Book Image

Raspberry Pi for Secret Agents - Third Edition

Book Image

Raspberry Pi for Secret Agents - Third Edition

Overview of this book

This book is for all mischievous Raspberry Pi owners who’d like to see their computer transform into a neat spy gadget to be used in a series of practical pranks and projects. No previous skills are required to follow along, and if you’re completely new to Linux, you’ll pick up much of the basics for free. We’ll help you set up your Raspberry Pi Zero, Raspberry Pi 2 and Raspberry Pi 3 and guide you through a number of pranks and secret agent techniques that are so inconspicuous yet high on mischief. You’ll learn how to configure your operating system for maximum mischief and start exploring audio, video, or Wi-Fi techniques. We’ll show you how to record, listen, or talk to people from a distance and how to set up your own phone network. Then, you’ll plug in your webcam and set up a motion detector with an alarm and find out what the other computers on your Wi-Fi network are up to. Once you’ve mastered the techniques, we’ll combine them with a battery pack and GPS for the ultimate off-road spy kit.
Table of Contents (7 chapters)

Raspberry Pi 3

As I write (February 2016), the Foundation has just launched their next update of the Pi—the Raspberry Pi 3—and just in time, as not only is it more powerful, with a 64-bit ARMv8 processor, it also includes Wi-Fi and Bluetooth connectivity on the board, without requiring any additional dongles to be connected to the USB ports. They are also easier to get your hands on at this time compared to the Pi Zero.

This could be a game-changer for our sneaky activities, as it means we can build more discreet secret agent tools and devices. Incidentally, the Raspberry Pi 3 is available at the same benchmark cost of less than £30 from the main distributors, RS and Farnell element14:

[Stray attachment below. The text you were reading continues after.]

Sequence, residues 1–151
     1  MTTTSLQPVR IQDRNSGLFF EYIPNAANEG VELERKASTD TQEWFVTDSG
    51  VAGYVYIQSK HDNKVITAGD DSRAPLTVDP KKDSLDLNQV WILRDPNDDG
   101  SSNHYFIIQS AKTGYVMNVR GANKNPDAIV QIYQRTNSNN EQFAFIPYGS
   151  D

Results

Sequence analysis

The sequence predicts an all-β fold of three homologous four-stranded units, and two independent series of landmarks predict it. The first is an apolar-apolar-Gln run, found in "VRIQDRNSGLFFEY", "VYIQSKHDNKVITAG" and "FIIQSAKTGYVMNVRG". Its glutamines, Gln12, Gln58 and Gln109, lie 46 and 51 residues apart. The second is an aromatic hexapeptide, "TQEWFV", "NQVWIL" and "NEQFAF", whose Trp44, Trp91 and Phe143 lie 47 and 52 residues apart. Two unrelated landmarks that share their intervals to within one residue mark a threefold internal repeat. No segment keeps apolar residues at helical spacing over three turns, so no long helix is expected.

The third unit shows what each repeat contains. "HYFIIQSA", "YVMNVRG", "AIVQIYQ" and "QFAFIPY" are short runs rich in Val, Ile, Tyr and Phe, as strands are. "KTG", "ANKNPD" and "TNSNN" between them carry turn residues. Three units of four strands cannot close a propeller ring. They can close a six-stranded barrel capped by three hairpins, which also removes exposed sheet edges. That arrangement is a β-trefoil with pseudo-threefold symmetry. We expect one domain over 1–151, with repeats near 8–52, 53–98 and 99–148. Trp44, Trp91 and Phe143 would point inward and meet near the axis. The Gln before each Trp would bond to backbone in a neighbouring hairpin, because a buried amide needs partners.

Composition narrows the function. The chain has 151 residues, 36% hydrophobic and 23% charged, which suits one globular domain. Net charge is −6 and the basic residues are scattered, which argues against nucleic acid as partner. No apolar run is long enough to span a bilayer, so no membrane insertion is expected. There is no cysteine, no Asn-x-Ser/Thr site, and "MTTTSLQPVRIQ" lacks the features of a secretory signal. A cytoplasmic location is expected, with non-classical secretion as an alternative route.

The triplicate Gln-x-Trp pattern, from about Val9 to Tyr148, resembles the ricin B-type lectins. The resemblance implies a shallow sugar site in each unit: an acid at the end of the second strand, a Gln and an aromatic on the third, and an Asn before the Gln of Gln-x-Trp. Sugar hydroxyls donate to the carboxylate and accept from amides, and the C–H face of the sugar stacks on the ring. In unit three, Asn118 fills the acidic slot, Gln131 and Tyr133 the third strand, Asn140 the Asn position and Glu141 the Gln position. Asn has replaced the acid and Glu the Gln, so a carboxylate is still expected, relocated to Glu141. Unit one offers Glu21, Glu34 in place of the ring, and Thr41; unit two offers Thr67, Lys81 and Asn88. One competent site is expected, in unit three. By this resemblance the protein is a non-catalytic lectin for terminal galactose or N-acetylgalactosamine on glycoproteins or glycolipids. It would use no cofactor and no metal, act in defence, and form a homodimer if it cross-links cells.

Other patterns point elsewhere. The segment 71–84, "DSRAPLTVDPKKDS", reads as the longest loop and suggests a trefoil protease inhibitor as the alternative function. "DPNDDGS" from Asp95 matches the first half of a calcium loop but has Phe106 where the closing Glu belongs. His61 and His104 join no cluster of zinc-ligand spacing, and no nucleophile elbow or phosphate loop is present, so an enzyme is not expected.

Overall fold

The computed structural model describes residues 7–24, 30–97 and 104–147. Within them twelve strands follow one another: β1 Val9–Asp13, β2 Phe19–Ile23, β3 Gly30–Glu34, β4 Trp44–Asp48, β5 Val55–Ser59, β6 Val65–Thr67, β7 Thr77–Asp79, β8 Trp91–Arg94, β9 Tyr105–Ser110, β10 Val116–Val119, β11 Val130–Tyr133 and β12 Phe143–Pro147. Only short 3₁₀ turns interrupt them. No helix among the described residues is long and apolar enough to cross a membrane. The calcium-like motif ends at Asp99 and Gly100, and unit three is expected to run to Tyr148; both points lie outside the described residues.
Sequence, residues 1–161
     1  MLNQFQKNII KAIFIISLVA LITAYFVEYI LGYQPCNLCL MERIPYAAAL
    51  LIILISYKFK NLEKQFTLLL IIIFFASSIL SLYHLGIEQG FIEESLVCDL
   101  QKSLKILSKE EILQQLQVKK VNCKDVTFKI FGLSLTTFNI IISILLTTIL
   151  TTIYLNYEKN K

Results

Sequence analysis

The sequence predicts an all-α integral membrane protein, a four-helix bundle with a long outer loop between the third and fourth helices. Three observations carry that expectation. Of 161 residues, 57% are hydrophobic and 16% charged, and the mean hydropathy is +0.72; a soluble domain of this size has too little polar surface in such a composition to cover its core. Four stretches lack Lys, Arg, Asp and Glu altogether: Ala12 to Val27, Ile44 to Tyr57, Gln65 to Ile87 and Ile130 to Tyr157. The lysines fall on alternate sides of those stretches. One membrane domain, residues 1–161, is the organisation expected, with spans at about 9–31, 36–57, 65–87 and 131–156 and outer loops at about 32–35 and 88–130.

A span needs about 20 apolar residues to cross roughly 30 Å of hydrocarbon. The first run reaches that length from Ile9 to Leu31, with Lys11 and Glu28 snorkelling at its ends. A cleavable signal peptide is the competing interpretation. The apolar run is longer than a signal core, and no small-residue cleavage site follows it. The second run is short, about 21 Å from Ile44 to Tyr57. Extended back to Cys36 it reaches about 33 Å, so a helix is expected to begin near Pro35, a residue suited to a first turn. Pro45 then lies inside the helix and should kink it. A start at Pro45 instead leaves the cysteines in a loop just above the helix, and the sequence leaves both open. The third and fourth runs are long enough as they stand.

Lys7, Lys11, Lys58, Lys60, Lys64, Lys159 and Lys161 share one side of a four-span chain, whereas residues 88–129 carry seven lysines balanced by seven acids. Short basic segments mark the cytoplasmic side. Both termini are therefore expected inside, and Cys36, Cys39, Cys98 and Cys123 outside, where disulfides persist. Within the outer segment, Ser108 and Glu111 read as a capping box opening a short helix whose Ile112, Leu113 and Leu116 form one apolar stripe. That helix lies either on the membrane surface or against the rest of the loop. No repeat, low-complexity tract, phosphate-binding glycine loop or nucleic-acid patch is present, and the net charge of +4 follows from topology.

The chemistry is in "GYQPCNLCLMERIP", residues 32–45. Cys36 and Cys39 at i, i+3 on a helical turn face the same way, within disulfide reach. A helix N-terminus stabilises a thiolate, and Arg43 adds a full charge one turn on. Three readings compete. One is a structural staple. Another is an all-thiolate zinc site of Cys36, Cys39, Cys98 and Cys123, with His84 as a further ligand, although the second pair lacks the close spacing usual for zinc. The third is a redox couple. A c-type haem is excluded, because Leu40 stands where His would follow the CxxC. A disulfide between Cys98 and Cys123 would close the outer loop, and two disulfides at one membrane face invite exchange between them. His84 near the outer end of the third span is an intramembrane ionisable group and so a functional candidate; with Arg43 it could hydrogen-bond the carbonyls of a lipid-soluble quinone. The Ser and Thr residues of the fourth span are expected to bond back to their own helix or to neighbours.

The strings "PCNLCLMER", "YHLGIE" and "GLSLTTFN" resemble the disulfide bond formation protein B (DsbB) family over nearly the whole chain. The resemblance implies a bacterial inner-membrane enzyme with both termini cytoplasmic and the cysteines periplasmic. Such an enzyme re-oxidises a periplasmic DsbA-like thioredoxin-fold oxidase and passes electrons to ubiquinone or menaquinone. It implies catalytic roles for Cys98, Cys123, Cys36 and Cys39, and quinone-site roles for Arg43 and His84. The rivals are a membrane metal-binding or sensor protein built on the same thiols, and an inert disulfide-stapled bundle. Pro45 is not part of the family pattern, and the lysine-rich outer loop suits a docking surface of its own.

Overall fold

Raspberry Pi 3
The new Raspberry Pi 3–looks like the previous model but now with Wi-Fi and Bluetooth 4.1 on-board

As you have seen, in its short lifetime the Raspberry Pi already has several models available, each of which suits different application needs. To help us choose, the following table provides a comparison between the various models:

Model B+

Model 2

Model 3

Zero

Processor

Broadcom BCM2835 SoC featuring ARM1176 32-bit dual-core CPU

Broadcom BCM2836Soc featuring ARMv7 32-bit quad-core CPU

Broadcom BCM2837 SoC featuring ARMv8 64-bit quad-core CPU

Broadcom BCM2835 SoC featuring ARM1176 32-bit dual-core CPU

GPU

VideoCore IV

   

Clock

700MHz

900MHz

1.2GHz

1GHz

Memory

512 MB

1 GB

1 GB

512 MB

USB Ports

4

4

4

1 (Micro-USB)

Ethernet

Yes

Yes

Yes

No

Wi-Fi

No

No

Yes

No

Bluetooth

No

No

Yes

No

GPIO Pins

40

40

40

40 (unpop.)

Storage

MicroSD card

MicroSD card

MicroSD card

MicroSD card

So, which Pi for us spies?

In this latest edition of this book, we're going to focus on the current Raspberry Pi version 2 and new version 3 models, as well as the Raspberry Pi Zero for those projects that might require a computer board that's somewhat more discreet. Each of these versions has different features and advantages, so we'll chose the right version for the job for each of our secret agent tools.

The Raspberry Pi Foundation site has more detailed information about each model here: https://www.raspberrypi.org/products/.

Where to buy a Pi

The main distributors for the Raspberry Pi 2 and 3 are RS Components and Farnell element14, but you may need a trade account to buy from them. Alternatively, there are other vendors on the Internet that sell them, including CPC and Maplin Electronics, as well as a plethora of independent sellers on Amazon and eBay.

The Raspberry Pi Zero is currently manufactured by the Raspberry Pi Foundation and is distributed through their official partners: